* Abfence out of the Kingdom for fome time, he 

* earneftly recommended to him, to be affifting to 
*thofe,whom he fhould leave to adminifter the 

* Government, and that they would be careful in 
ParJia^ * preferving the Publick Peace. Then the Lord 
ffient Keeper, by his Majefty's Command, prorogued the 
froTQgtted. Parliament to the i(5thday oi June next, 

Befides the Bills that were paft this Seflions o£ 
BiBs lop. Parliament, (everai others were begun and loft up-i 


<oool. Ham WiUiams in x lac, II. for what he did as 
for hvoing Shaker of the Houfe of Commons, and for afcer- 
p r/n<<i ti&« taining the Rights and Freedoms of Parliaments. 
la^ days Thirdly^ A Bill for Settling and Regulating the Ea&- 
nus ii the India Trade. Fourthly^ Another to regulate the 
hftParlia. Trade oi Africa. Fifthly, A Bill to confirm the Earl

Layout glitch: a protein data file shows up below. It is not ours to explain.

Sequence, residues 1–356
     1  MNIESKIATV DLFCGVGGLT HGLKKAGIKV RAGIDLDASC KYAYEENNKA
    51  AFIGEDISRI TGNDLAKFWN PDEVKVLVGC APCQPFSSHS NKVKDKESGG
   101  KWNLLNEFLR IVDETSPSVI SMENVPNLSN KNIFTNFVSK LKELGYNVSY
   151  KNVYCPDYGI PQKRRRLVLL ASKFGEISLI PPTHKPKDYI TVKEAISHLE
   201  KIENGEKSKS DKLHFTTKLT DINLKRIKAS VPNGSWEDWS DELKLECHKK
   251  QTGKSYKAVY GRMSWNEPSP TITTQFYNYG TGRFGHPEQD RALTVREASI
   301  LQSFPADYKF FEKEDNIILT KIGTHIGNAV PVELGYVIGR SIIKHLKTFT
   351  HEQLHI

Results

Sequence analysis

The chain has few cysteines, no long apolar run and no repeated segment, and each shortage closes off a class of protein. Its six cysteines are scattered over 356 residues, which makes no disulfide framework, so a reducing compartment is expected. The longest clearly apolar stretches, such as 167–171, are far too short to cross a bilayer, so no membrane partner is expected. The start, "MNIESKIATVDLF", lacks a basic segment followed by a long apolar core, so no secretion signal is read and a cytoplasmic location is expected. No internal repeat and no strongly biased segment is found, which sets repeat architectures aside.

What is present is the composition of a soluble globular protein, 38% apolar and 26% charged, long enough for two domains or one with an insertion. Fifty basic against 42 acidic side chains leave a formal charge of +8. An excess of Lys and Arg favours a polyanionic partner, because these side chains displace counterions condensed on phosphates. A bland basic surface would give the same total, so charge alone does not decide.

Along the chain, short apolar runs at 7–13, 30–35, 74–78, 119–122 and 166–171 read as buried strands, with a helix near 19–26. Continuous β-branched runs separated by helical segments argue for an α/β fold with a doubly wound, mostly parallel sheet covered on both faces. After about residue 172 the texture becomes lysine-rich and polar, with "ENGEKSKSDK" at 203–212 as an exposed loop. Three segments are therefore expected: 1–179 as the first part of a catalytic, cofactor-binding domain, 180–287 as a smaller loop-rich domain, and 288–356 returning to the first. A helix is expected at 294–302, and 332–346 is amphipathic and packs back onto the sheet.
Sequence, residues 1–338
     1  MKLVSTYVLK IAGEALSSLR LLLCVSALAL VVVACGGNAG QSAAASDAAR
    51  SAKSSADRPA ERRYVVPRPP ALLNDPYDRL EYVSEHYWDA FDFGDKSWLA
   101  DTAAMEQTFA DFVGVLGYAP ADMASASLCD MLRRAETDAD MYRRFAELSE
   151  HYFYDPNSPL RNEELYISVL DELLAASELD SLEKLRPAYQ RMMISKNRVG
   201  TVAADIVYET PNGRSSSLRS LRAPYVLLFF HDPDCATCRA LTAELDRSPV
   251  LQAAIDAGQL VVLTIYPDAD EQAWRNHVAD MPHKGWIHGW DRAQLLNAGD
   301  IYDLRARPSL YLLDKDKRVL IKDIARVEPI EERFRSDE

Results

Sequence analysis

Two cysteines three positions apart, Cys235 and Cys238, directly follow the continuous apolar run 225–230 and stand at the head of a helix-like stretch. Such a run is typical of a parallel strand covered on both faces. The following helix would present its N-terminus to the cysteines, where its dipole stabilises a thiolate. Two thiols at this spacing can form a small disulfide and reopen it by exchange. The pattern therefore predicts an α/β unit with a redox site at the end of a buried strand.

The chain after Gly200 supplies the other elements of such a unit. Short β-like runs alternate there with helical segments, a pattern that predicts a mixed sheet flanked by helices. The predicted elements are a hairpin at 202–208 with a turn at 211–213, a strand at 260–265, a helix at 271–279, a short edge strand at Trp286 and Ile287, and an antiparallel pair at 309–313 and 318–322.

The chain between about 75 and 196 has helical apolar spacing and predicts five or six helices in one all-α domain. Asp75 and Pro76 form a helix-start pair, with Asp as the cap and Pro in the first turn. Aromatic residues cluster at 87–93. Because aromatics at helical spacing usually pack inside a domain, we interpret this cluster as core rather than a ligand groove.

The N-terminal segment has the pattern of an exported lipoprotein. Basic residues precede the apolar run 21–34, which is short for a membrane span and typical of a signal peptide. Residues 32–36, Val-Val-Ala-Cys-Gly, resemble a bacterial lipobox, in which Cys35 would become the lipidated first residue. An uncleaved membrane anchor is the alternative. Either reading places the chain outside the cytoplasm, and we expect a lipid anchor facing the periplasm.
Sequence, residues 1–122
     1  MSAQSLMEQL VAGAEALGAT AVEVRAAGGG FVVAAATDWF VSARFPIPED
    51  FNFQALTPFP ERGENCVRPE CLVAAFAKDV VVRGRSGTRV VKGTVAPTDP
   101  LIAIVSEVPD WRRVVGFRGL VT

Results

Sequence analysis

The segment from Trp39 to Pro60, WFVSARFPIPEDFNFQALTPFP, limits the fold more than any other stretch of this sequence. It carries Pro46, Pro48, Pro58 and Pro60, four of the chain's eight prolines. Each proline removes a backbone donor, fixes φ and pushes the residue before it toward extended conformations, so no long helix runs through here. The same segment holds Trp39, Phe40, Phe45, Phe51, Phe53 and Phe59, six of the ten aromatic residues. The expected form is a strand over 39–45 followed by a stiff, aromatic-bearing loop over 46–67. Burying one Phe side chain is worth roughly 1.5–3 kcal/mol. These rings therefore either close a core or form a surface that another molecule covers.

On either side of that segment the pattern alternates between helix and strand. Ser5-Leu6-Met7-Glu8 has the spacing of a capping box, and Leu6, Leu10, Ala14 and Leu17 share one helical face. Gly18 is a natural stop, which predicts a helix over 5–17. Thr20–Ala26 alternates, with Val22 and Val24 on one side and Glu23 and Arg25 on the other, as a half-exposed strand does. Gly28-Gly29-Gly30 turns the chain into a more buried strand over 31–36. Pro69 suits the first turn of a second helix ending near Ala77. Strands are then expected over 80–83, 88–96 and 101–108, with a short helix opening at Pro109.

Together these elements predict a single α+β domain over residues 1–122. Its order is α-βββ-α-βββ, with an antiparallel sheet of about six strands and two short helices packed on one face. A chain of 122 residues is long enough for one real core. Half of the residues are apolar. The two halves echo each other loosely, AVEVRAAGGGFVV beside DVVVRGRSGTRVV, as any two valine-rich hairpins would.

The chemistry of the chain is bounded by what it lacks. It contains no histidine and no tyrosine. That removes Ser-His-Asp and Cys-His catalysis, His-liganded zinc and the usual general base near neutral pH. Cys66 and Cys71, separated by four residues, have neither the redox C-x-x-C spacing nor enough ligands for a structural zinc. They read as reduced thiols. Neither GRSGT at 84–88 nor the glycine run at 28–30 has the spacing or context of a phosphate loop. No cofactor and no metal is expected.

wer^ in K, ofTonington's Grant. S'ixthly, Two Bills to veft in 
iill^L the Crown, all Forfeited Eftates in England and Ire- 



VI IhLlAU the Third. U^ 

Und^ and to vacate all Grants made thereof. Se- j^, C. 
venthfy^ A Bill to prevent Stock-jobbiqg ; and 1696. 
Eighhly^ A Bill for preventing Papifts from diun- \^yys^ 
heritio^ their Proteftant Heirs. 

Having taken a full View of this memorable Set 
fion of rarliament, and difpatch'd the important 
Aflairs of State, let us take notice of King VViUiar^% 
pious Endeavours to keep Unity, and Purity of 
Faith ia the Church* The peftilent Seft of the So- Gn'^th of 
cinianSf under the Countenance of the Ad of Tolera- Sodnit- 
ration^ and of the loofe Sentiments of a Court Pre- nifln. 
late concerning the Holy -Tr/»iVjr, had gotten confix